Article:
Under the Canada National Marine Conservation Areas Act, Parks Canada is responsible for the creation of National Marine Conservation Areas (NMCAs) which will be managed for sustainable use, and protected from industrial activities such as marine dumping, mining, and oil and gas exploration and development. A proposed NMCA in the southern Queen Charlotte Islands will extend 10 km offshore from Gwaii Haanas National Park Reserve, and thus will include some nearshore habitat occasionally used by fin whales. Consultations on the proposed NMCA are on hold pending negotiations with the Council of the Haida Nation.

Environment Canada is currently assessing the marine area around the Scott Islands archipelago, an internationally recognized Important Bird Area as a possible candidate for designation as a Marine Wildlife Area (MWA) under the Canada Wildlife Act. Marine Wildlife areas can be established for the purposes of conservation, research and interpretation. The marine portion of this area may serve to protect a portion of nearshore fin whale habitat.

The Fisheries Act has provisions to protect marine mammal habitat. Marine Protected Areas may also be established under the Oceans Act. Once critical habitat is identified, approaches for its protection under the provisions of the SARA will be more easily determined. Further consultation may be warranted once specific measures required to protect critical habitat can be identified. Measures may also include recommendations from industries and efforts at an international level.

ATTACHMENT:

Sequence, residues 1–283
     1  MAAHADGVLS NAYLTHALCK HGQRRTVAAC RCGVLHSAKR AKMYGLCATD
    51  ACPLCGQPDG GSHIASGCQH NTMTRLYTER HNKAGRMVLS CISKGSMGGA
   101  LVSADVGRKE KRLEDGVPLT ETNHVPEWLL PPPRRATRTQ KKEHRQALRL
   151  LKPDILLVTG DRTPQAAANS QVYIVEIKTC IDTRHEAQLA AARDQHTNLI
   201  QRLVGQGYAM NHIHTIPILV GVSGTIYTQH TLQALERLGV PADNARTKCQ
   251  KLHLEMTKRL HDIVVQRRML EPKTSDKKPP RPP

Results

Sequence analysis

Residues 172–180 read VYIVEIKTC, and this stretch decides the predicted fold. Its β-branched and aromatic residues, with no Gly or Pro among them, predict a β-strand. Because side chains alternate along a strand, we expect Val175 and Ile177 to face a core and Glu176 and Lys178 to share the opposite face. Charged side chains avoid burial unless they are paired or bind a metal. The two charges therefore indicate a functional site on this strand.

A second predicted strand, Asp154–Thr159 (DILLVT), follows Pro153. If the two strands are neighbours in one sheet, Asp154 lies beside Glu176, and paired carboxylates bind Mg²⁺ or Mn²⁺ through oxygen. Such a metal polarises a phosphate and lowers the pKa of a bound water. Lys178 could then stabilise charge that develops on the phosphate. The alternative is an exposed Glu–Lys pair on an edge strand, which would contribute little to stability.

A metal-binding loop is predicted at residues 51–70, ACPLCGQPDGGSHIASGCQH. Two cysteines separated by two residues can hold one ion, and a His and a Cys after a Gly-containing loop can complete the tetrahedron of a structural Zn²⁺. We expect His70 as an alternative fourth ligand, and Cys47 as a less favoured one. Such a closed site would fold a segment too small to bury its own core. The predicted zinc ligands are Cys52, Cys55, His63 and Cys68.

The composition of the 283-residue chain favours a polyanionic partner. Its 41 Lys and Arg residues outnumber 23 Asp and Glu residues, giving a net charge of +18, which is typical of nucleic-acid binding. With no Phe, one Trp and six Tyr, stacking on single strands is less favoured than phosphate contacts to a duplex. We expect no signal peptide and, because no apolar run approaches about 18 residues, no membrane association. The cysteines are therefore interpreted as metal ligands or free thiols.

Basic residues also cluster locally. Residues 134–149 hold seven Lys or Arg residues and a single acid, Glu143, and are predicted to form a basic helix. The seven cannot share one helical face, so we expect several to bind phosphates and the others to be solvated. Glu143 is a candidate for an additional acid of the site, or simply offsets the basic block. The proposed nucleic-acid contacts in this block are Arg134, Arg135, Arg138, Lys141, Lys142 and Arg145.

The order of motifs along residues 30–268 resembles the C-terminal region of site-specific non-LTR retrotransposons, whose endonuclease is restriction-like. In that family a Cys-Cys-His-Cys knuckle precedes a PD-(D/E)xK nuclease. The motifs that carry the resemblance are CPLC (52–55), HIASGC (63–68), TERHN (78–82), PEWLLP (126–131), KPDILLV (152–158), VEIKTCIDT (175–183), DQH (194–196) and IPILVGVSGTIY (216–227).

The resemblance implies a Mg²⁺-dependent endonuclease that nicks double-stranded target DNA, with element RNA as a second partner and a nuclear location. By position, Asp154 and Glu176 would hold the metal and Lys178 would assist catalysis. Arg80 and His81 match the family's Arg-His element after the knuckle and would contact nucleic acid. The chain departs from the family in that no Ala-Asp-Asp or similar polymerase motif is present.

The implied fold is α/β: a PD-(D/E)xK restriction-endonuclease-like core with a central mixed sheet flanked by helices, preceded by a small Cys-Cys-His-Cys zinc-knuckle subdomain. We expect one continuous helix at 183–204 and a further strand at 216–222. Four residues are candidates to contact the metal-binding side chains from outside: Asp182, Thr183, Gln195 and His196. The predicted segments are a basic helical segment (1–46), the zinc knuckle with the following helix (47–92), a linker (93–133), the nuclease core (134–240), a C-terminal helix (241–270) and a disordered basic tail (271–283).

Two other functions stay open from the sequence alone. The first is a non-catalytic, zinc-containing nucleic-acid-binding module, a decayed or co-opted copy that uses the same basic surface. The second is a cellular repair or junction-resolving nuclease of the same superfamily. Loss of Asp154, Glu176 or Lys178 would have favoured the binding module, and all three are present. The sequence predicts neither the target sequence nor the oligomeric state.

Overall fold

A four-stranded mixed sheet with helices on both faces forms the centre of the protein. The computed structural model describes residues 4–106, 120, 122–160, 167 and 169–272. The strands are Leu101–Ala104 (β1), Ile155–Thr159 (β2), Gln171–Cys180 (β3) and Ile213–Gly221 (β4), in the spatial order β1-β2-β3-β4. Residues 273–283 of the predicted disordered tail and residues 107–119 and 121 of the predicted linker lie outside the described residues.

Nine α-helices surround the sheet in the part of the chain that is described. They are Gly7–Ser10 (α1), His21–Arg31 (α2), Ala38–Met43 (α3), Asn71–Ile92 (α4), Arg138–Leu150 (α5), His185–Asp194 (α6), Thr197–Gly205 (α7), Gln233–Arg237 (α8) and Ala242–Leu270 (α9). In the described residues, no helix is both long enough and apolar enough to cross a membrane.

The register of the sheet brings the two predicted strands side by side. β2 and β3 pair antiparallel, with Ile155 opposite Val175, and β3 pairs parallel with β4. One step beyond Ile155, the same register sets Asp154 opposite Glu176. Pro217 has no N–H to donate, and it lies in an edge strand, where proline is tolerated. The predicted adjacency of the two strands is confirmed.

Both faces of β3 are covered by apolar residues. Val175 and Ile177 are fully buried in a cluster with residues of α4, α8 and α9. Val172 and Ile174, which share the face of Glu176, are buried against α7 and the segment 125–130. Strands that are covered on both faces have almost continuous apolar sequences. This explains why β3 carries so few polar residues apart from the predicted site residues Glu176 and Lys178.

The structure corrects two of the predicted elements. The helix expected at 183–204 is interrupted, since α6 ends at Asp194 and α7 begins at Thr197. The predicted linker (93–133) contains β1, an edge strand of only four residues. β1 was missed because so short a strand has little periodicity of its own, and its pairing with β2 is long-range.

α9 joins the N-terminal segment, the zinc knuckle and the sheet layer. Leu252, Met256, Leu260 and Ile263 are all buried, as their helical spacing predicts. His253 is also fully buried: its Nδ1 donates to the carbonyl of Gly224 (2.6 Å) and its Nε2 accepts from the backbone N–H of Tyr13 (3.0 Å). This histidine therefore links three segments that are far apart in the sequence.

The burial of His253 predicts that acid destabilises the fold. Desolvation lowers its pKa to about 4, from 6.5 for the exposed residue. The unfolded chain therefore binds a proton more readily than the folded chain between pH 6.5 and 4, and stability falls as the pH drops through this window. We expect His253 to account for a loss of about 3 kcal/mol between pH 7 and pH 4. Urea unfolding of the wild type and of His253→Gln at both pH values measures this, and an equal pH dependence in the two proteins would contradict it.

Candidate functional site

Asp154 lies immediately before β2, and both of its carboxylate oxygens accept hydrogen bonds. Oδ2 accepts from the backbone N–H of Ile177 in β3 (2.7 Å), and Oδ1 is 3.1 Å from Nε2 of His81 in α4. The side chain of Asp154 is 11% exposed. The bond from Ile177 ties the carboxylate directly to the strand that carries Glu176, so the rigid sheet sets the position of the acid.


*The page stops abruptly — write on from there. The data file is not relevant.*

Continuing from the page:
7.4. Research

In the U.S., NMFS finalized the recovery plan for blue whales in 1998 (Reeves et al. 1998). The recovery plan for fin and sei whales remains in draft form, awaiting legal clearance (Waring et al. 2001). NMFS researchers undertake extensive dedicated surveys of the U.S. west coast and Bering Sea for marine mammals every year. Extensive marine mammal habitat studies are underway off California for species including blue whales, and acoustic detection has been used to study their distribution in the eastern North Pacific.

In Pacific Canada, marine mammal surveys conducted by CRP-DFO along primarily the north coast off British Columbia have resulted in two blue whale sightings in 2002, one in 2003, and none in 2004 (Figure 3). No sighted animals have been identified as sei whales, while individual and groups (3-10) of fin whales are often sighted. Given the difficulty in positively distinguishing between fin and sei whales at sea (the right mandible must be observed for positive identification), the lack of sei whale sightings cannot be considered definitive. Whenever possible, individual whales sighted during these surveys are photographed for identification and comparison with catalogues of whales sighted in U.S. waters.

CRP-DFO is also developing predictions of balaenopterid habitat (e.g., Figure 4) to focus survey effort and work towards identifying potential habitat, the initial step to the identification of critical habitat (Section 9.4.1). Acoustic monitoring efforts using submersible passive acoustic recording devices are also being undertaken. Opportunistic sightings collected by the BCCSN since 1972 will help to determine distribution as well as relative abundance of whales.